“My principal supports me one-hundred-percent wholeheartedly,” she says. “She lets us have these community walks during class time once a month, and we love to invite all the community, so we get parents, grandparents, aunts, uncles—everyone’s out here! It’s just wonderful.”

Marathon Kids run club

It was wonderful, but that wasn’t the unusual part, either. The unusual part was the fact that reporters from local news station KXAN had also gathered to cover the event, as—even more unusual still—Olympic champion Sanya Richards-Ross had come to run with the kids.

It was International Women’s Day, and Ms. Richards-Ross—gold medalist in the 2004, 2008 and 2012 Summer Olympics, member of the Marathon Kids board, and new mom to an 18-month-old baby boy—had come to support and inspire the children. The first group she ran with was girls only.

“I want to inspire girls to fall in love with running,” Richards-Ross says, “because of how they drop out of sports by age eleven to fourteen. No one really knows why that is, but I want to encourage girls to stay in sports.” She points out that girls are two times less likely than boys to be active. “From being part of Marathon Kids, and from my own experience, I’ve learned that being active makes you a better person. It makes you a better student; it gets your brain working. I think most people can attest to that—you don’t want to go to the gym, but after you go, you feel so good about yourself. Kids who experience that at a young age are much more likely to continue that active lifestyle throughout their lives. And as a female athlete, I want to inspire girls to stay active.”

Austin Kids Run Club

One 10-year-old Pflugerville Elementary student, Aubrey, made it her New Year’s resolution to be the first girl in the school to finish a complete marathon. When the students finish their first marathon, they get to enter their names on the Finishers Chart posted in the gym. Instead of being the first girl to enter her name on the chart, Aubrey was the first finisher overall, among both boys and girls—an accomplishment that inspired her to keep going and aiming high. “I love filling in all the bubbles,” she said, referring to the mileage logs that every student at the school fills out themselves, “and I like to be first!” About having Ms. Richards-Ross visit the school, she said, “It’s really encouraging and exciting!”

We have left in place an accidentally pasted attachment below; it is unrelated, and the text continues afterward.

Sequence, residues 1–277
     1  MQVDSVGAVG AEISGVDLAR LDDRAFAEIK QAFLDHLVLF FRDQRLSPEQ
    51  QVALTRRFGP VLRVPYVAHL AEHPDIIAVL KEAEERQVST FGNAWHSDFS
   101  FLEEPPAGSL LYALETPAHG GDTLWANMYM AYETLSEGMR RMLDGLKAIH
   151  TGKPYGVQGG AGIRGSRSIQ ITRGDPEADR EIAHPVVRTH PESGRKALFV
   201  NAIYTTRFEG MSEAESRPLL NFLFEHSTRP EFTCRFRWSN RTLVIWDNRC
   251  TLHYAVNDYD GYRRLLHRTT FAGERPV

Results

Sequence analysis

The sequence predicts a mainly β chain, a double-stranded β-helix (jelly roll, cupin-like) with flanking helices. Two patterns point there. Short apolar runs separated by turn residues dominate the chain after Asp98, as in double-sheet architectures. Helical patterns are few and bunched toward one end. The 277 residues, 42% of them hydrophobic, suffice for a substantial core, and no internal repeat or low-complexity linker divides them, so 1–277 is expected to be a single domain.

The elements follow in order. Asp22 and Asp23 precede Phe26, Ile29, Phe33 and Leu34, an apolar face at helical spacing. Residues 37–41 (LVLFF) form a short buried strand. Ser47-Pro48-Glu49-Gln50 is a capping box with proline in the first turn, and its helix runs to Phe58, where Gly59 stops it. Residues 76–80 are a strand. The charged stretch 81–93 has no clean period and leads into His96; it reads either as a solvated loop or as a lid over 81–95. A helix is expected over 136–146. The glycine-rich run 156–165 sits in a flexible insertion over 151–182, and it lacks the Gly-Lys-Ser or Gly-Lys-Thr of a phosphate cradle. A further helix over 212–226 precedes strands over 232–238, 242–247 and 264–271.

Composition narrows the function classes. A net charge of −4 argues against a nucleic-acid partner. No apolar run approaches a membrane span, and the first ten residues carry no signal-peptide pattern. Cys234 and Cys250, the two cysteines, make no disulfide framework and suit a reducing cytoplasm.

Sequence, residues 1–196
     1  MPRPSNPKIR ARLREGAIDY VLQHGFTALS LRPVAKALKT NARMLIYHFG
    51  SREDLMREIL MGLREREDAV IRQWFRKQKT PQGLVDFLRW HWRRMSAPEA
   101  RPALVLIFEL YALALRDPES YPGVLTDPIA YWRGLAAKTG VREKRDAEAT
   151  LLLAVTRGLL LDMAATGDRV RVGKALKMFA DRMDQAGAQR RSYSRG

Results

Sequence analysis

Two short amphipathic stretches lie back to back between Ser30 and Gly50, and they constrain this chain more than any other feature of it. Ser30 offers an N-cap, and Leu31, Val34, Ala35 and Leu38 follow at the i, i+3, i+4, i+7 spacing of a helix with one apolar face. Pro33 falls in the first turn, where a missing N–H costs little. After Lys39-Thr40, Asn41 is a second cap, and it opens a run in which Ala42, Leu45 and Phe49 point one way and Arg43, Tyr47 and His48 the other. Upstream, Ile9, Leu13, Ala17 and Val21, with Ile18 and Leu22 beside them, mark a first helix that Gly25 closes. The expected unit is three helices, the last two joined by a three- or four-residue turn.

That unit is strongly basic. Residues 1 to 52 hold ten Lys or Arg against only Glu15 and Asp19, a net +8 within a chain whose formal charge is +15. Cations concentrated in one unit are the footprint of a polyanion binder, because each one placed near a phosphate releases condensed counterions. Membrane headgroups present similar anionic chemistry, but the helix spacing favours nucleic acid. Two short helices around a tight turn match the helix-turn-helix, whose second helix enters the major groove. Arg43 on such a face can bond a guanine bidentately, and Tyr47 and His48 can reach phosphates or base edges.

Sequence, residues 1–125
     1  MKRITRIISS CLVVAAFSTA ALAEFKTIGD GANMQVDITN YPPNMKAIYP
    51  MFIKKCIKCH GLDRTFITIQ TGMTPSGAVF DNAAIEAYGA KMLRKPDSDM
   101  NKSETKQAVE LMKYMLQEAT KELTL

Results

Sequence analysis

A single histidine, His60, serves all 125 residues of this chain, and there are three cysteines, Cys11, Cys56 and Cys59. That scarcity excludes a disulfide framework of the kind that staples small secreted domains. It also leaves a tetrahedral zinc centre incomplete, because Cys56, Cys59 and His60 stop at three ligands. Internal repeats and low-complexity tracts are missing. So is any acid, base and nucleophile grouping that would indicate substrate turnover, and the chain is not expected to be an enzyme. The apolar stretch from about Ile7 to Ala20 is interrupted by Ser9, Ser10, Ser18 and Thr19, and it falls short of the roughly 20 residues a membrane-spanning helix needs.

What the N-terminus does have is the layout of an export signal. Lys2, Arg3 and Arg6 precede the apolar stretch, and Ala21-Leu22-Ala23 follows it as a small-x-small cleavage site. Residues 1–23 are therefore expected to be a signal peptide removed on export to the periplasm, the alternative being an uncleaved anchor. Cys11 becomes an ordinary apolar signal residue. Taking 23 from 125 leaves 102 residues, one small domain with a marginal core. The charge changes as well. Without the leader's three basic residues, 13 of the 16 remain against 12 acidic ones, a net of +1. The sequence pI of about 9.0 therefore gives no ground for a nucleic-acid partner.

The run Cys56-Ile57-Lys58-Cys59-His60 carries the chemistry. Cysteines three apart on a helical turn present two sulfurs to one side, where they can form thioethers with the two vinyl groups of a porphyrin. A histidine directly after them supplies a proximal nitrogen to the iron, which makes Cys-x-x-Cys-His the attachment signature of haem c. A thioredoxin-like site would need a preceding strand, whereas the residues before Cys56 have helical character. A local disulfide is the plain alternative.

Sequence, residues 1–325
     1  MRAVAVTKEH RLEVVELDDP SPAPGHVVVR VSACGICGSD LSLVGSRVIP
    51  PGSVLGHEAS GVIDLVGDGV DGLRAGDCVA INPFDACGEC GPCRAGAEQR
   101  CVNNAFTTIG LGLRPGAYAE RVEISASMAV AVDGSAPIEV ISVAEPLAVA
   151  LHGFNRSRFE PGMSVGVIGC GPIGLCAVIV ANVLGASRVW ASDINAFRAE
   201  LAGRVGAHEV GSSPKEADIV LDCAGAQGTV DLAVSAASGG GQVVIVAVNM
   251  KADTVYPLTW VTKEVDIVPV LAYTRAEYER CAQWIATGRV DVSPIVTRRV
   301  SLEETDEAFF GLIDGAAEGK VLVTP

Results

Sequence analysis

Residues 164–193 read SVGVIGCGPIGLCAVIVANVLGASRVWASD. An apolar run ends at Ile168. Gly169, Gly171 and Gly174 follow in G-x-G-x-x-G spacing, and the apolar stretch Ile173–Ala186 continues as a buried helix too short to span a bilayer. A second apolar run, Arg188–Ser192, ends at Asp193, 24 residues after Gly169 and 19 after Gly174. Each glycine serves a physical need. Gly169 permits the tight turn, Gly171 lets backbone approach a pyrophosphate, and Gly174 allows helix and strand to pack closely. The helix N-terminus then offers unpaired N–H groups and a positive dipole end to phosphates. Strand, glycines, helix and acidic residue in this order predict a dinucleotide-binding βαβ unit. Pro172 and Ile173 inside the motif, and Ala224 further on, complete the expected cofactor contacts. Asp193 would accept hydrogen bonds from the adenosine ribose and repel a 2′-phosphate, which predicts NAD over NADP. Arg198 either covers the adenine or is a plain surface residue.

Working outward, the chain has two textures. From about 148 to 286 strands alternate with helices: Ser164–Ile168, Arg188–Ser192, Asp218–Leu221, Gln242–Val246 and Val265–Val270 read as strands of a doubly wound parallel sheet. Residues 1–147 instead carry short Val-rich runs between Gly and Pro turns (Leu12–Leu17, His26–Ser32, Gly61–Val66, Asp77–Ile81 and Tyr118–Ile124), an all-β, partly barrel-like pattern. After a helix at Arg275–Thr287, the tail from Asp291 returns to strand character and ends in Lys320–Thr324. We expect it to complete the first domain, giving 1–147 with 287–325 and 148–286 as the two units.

Another little girl, Izzy, also 10 years old, shared that she loves Marathon Kids “because you can be free, and it’s really fun to run!”

Either of these girls might be a future Olympic champion one day, judging by their ambition and sentiments that match those of Ms. Richards-Ross, who began running at age seven. “I felt like I was born to run,” Richards-Ross says, “and I always felt like I was most free when I was on the track. It was my place of peace and meditation, so I think there is something very freeing about running.”

Run club for kids

Along with inspiring girls to stay active, she also has a special passion for inspiring minority children to run. She points out that many minority kids “never think about running a marathon. To be able to say, ‘Hey, with this program, you can run 400 meters a day’—which is my specialty—and it can add up to a full marathon, I think we will have a lot more young people and minorities who will think about tackling a marathon. I hope to inspire young people who might not have thought about running as a potential route to finding their best selves.”

Active Families Austin

Coach Salaiz agrees that running and staying active help children become their best selves. Along with Assistant Coach Cindy Lucero, she leads her students in group pushups and sit-ups as part of their Marathon Kids training. This regimen gets a thumbs-up from Sanya Richards-Ross, who also engaged in stretching and strength-training drills as a child in order to run with good form.

Pflugerville Elementary has just over 530 students in Kindergarten through 5th grade, and the entire school participates in Marathon Kids. Coach Salaiz says the school was labeled Title I this year; many students come from lower-SES backgrounds, and plenty have working parents with limited time for shuttling their children to sports events or play dates. This is part of the reason behind the monthly community walks; Coach Salaiz started them in hopes that parents would join their children in developing fun, healthy habits together.

Family support is also an essential component to success for Richards-Ross, who credits her father with being her biggest supporter and inspiration. Both Richards-Ross and Coach Salaiz recognize the struggles that modern families must work against. “We’re fighting against so many things,” says Richards-Ross, “like social media, gaming, all these things that keep us sedentary—so I just want kids to know that running can be a vital part of their lives, and it’s fun, and they should all want to do it!”